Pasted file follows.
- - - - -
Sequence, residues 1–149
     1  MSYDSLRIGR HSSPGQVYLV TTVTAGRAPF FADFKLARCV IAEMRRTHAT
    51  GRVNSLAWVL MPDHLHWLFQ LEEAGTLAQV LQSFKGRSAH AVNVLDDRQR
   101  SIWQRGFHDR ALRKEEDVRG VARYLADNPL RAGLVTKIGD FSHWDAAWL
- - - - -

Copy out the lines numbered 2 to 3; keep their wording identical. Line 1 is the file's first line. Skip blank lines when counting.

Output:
     1  MSYDSLRIGR HSSPGQVYLV TTVTAGRAPF FADFKLARCV IAEMRRTHAT
    51  GRVNSLAWVL MPDHLHWLFQ LEEAGTLAQV LQSFKGRSAH AVNVLDDRQR